To make the hinge part, I made a press plate and using a vise;
I pressed a pin into the groove,
then heated the unformed part of the strap and closed them over the pin. Same for the other side and presto, hinges.
The decorations at the ends where made by first thinning the metal to about 16ga. And then using punches, I punched the "bumps" in from the back on a piece of lead. To finish the design, I made cuts with dykes, then using a torch to heat the steel to yellow hot a few times with a quench and wire bush in between, I was able to burn out the thinner cut edges left by the dykes and open up the cuts to match the look of the original. I then tuned them up a little with a file and blackened them and applied a paste wax.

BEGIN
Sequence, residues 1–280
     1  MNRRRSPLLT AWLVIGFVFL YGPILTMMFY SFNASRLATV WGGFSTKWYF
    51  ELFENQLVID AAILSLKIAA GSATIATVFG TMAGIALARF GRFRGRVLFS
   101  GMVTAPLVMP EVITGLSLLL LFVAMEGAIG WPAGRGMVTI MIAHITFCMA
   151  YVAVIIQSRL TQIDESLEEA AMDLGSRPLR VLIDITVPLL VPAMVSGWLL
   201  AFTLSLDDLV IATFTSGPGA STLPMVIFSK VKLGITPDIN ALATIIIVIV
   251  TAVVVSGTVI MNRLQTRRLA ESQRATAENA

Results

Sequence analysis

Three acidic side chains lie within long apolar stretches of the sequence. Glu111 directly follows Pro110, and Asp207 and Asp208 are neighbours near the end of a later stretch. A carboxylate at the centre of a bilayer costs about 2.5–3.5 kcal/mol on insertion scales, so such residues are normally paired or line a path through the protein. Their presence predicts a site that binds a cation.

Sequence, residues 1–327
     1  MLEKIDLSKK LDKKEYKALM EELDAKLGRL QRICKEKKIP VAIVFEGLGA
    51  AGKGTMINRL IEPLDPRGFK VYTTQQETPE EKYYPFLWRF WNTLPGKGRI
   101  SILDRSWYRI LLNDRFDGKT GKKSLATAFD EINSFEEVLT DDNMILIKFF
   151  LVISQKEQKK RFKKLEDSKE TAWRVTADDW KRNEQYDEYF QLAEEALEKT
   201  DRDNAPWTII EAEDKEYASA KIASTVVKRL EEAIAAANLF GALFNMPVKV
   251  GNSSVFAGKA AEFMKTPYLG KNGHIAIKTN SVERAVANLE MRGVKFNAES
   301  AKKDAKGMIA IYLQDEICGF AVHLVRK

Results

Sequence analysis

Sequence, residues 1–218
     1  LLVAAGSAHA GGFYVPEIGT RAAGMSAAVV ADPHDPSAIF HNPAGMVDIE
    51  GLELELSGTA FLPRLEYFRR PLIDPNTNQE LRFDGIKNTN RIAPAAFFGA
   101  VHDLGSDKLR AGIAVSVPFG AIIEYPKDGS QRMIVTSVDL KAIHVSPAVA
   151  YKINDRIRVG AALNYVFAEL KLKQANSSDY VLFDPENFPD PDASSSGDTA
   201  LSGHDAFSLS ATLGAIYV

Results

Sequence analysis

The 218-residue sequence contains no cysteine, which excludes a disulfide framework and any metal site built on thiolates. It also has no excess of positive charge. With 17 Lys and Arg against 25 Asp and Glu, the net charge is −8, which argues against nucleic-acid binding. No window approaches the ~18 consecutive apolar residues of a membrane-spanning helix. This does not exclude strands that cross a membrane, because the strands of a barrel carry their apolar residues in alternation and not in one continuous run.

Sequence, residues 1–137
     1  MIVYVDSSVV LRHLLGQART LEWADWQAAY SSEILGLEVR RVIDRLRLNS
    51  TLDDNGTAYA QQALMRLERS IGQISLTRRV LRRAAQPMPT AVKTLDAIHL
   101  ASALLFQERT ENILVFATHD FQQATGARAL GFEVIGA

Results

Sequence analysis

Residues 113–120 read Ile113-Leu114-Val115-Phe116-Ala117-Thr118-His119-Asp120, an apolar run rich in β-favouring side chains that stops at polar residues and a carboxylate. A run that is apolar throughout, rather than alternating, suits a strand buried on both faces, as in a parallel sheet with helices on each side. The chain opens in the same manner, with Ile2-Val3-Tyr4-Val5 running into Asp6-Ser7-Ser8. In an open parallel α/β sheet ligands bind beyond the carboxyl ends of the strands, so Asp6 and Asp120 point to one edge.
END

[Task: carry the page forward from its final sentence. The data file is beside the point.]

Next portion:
After making those I made the lock plates, although I stopped short of actually making locks for them.
For the final assembly of the cabinet, I needed dowel pins. Using a technique I learned from a traditional rake maker, I sharpened a steel tube that had the correct inside diameter and rough cut pine chunks and drove them through the sharpened tube. The result is nicely cut round pegs. These where driven into drilled hole bisecting the tennons and side panels. All glued with white glue.
The cupboard was made from Pine, but I wanted a darker look and so I used Mahogany leather dye and with an atomizer, sprayed the dye onto the finished cabinet. I then applied a urethane clear with a spray gun.
In order to save some time, I ordered some nails from www.tremontnail.com (thanks for the tip) and tuned them up a little and finished the cupboard. Here is the result with the Keg “jockey box” on top.